It’s not just another climate change film about melting glaciers and sad polar bears.
This Changes Everything, a film and discussion sponsored by the Chilliwack chapter of Council of Canadians, is at G.W. Graham theatre, on Nov. 19, at 7 p.m.
“We thought it would be a good opportunity to take advantage of this powerful tool to address a broad range of issues,” said Suzy Coulter, of the Chilliwack CoC.
The documentary was hot off the festival circuit when it was offered to CoC chapters across Canada for community screenings.
It offers a glimmer of hope by showcasing what folks on the front lines are up to.
“This story is where the long road to global warming began,” said author Naomi Klein. “When I realized that, I stopped tuning out those sad polar bears because unlike human nature, stories are something we can change.”
Inspired by Klein’s book, the film adaptation was directed by husband/filmmaker Avi Lewis, showcasing stories of those taking on corporate polluters at the grass roots level, and those seeking a more sustainable way of life.
“For many of us, it was a wake-up call to experience the prolonged drought we saw in our region last summer,” Coulter said.
Water levels were low and river temperatures were high. Blueberries and corn were ripe way earlier than usual.
“The film speaks to some of the food security challenges we might have to face in the future,” she said. “The hope is that it will help start a dialogue.”
Moving toward renewable resources and weaning off fossil fuels is “very doable,” she asserts.
The filmmakers agree, and grasp the unfortunate fact that most people are over-saturated with bad news about the climate, and feel disempowered by their inability to effect any real change.
“It’s the bold assertion that in confronting this crisis head on as citizens, we may have our best chance of addressing the root causes. More and more people are understanding this may be how to change direction.”
The documentary follows some grass-roots efforts and movements that span the globe. It was filmed in nine countries and five continents over four years, and billed as “an epic attempt to re-imagine the vast challenge of climate change” in part by showing how the cult of growth at any cost has been catastrophic.
It comes at the questions with a fresh perspective; the perfect antidote when people stop listening or caring about the environmental apocalypse.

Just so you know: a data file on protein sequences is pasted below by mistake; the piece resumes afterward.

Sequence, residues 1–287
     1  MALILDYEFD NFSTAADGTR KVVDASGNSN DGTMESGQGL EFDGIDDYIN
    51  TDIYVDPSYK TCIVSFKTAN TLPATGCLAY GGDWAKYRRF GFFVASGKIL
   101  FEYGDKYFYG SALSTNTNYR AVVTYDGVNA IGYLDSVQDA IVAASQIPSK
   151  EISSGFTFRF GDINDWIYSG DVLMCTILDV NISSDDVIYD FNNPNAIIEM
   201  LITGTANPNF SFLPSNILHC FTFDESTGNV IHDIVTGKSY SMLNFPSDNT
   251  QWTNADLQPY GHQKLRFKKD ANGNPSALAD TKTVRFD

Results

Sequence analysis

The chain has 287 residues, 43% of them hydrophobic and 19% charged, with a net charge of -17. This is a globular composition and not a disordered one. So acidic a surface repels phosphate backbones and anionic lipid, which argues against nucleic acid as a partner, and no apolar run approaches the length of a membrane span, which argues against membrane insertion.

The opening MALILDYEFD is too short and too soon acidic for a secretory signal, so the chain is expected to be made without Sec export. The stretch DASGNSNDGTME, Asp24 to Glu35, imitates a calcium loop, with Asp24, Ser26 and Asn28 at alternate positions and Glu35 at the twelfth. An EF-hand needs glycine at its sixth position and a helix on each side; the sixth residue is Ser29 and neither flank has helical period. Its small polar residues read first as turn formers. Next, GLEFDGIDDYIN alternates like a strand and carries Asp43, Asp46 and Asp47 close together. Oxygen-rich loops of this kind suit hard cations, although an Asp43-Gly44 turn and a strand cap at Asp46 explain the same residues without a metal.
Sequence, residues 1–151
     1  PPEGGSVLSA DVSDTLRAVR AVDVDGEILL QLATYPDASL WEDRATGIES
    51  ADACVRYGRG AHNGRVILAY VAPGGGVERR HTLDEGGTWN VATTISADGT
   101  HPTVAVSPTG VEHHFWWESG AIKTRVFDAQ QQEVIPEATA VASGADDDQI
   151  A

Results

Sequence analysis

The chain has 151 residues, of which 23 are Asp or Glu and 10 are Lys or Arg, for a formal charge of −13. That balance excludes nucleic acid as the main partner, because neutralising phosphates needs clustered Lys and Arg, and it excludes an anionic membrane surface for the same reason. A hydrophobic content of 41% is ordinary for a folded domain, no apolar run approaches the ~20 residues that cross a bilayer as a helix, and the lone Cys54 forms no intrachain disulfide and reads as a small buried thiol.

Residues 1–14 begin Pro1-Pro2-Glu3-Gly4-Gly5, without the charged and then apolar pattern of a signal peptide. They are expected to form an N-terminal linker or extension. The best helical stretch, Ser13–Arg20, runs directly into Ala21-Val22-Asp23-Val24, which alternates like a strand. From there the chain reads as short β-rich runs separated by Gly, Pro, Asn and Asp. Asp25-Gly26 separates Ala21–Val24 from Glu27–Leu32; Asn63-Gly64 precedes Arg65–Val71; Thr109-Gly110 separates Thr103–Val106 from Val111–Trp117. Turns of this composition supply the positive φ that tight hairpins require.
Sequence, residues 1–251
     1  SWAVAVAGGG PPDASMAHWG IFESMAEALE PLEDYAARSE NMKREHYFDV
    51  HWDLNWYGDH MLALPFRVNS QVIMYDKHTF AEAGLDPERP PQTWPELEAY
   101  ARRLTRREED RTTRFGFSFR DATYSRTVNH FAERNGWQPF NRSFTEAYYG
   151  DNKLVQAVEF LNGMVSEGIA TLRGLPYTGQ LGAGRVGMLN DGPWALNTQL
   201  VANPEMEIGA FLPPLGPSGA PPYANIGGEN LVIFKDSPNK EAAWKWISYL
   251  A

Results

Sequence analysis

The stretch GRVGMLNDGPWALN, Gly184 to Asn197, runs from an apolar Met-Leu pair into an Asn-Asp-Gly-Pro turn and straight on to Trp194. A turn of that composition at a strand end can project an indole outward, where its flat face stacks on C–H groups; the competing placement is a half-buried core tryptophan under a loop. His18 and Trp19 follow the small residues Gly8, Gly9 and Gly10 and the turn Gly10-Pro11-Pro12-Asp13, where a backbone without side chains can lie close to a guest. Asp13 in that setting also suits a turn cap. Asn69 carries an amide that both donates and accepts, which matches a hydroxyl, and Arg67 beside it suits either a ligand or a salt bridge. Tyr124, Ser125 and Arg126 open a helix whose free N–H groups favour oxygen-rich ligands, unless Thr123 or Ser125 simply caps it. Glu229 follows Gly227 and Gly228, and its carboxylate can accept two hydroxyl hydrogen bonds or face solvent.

It presents seven portraits of communities on the front lines, from Montana’s Powder River Basin to the Alberta Tar Sands, from the coast of South India to smoggy Beijing and beyond.
Interwoven with these stories of struggle is Klein’s narration, connecting the carbon in the air with the economic system that put it there. The doc builds to its most controversial and exciting idea: to seize the existential crisis of climate change to transform our failed economic system into something radically better.
The panelists for the post film discussion in Chilliwack will include: Margaret Evans, Progress columnist, Sto:lo Grand Chief Clarence Pennier of the Sto:lo Tribal Council, Fernando Selles, president of Chilliwack Field Naturalists, Carrielynn Victor, traditional plant practitioner, Tim Cooper, UFV physics professor and Sardis student Meaghan McNary.
The timing of the local screening was also good, said Coulter, particularly in the face of the upcoming global climate summit in Paris at the end of the month, that many will be watching with interest.
It was actually heartening to be part of a sold-out film screening crowd in Vancouver, she said.
What about those who have tuned out the topic already?
“It acknowledges that despair, but it also gives people tools.”
This Changes Everything, Nov. 19, at 7 p.m. at G.W. Graham Theatre, 45955 Thomas Rd., Tickets $10 ($5 students) at Mt. Waddington’s Outdoors, and 604.799.0039, or firstname.lastname@example.org